A red OB-4 boombox photographed from below.
Courtesy Teenage Engineering

Teenage Engineering’s OB-4 Speaker Redefines Radio as We Know It

The new device can record, rewind, and loop anything it plays.
By Tom Morris
January 30, 2021
1 minute read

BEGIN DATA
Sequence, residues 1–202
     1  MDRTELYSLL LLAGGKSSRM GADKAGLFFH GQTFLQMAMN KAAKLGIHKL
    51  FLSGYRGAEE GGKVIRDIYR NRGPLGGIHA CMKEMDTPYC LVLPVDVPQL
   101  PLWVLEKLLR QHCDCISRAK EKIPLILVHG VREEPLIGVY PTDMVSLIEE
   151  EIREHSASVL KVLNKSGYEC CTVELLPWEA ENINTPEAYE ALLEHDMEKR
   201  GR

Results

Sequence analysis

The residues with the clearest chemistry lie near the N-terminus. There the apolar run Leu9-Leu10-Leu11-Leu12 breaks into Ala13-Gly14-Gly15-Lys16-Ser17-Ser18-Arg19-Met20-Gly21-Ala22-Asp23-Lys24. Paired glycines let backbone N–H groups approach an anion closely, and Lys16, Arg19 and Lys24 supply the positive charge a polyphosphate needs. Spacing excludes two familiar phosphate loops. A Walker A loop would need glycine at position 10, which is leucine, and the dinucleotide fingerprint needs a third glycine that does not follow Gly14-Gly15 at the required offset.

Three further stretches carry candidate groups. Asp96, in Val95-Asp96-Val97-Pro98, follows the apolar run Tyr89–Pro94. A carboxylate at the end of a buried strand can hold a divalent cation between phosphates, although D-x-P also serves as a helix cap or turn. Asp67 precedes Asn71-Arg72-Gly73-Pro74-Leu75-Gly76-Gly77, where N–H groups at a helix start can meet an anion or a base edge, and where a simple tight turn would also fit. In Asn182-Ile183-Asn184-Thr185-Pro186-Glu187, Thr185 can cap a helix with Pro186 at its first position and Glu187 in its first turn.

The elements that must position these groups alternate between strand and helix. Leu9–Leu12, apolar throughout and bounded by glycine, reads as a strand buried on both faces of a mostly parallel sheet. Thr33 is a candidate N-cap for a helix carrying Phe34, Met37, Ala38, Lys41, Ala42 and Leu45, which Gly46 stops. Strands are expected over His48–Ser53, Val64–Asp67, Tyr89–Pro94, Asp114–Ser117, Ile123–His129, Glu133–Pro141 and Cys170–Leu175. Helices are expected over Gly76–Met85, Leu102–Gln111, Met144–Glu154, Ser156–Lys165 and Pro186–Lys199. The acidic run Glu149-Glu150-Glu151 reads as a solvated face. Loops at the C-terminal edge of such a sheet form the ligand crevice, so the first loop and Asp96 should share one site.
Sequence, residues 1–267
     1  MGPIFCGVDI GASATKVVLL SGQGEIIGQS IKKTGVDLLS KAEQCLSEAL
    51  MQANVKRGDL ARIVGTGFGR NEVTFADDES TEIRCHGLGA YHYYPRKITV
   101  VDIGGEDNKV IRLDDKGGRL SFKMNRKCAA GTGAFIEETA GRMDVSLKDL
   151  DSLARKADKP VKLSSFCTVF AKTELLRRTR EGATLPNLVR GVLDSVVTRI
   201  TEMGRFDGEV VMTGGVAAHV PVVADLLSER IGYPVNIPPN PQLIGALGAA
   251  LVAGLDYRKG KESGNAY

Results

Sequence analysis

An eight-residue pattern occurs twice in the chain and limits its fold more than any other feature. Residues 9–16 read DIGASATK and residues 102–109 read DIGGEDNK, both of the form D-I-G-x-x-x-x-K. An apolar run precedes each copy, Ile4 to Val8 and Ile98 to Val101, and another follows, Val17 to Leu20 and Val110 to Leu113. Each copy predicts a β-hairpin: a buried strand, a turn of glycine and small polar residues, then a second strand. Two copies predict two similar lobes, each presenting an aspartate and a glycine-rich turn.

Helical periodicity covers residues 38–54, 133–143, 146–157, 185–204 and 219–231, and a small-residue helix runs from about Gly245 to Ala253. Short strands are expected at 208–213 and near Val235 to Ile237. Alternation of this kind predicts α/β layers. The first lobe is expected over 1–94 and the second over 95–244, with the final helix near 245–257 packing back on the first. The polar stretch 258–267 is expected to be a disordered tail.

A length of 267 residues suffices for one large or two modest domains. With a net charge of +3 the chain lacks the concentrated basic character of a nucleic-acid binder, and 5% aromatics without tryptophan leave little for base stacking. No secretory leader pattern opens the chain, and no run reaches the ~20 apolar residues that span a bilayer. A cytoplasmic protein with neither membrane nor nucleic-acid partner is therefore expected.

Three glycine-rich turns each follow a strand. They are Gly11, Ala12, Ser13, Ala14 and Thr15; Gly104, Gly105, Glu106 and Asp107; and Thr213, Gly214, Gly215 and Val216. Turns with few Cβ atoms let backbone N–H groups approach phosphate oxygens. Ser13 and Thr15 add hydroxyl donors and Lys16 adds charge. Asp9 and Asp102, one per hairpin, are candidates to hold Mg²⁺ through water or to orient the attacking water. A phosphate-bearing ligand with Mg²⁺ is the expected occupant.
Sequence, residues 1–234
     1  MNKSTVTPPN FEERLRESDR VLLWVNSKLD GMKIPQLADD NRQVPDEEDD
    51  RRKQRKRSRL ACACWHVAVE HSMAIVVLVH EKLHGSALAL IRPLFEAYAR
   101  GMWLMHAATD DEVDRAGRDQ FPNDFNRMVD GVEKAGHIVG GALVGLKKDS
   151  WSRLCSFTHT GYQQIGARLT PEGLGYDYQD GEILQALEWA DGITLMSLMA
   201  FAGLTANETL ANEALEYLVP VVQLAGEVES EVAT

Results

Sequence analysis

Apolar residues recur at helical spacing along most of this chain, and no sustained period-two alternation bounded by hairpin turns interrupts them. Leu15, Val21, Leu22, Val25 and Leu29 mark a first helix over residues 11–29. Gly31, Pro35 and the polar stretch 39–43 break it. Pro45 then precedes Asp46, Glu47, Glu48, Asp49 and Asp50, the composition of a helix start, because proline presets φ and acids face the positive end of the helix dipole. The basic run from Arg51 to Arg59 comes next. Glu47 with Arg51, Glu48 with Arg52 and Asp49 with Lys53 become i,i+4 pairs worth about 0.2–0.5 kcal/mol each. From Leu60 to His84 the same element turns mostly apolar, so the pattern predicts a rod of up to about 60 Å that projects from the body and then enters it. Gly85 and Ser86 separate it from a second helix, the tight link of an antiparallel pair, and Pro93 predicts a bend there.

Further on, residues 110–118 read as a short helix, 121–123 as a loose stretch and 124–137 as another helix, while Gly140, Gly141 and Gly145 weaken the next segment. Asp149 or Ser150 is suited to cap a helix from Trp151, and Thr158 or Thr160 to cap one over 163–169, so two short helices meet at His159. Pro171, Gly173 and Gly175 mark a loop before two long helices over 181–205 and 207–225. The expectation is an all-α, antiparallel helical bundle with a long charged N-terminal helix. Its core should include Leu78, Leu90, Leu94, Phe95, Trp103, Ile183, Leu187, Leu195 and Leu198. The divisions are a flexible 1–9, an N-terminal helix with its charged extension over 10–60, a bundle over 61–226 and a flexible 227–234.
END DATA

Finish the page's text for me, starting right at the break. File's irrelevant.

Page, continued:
When Teenage Engineering released its OP-1 portable synthesizer, in 2011, the device received glowing reviews from an array of audio authorities, including Nine Inch Nails frontman Trent Reznor and French composer Jean-Michel Jarre. A decade on, the Stockholm-based electronics maker aims for another hit with the new OB-4, a Bluetooth speaker system that it’s billing as a “magic radio.” The term isn’t too far off: The mobile, four-speaker hi-fi memorizes everything it plays, allowing users to rewind, stretch, or loop any track that was pumped through it in the previous two hours—regardless of whether the tunes came from live radio, a streaming service, or a plugged-in instrument. Its handle houses a spiral antenna and turns into a stand, which positions the gadget’s top at an angle to provide easy access to its dials and buttons. There’s also a feature called “disk mode,” in which three recordings—“ambient” (a low-pitched drone), “metronome” (monotonous ticks) and “karma” (chanting)—can be used to facilitate focus or relaxation. With a lithium polymer battery that lasts for eight hours when played at its loudest (or for 40 hours at average volume), the souped-up speaker ensures that there’s plenty of time to take in its sounds.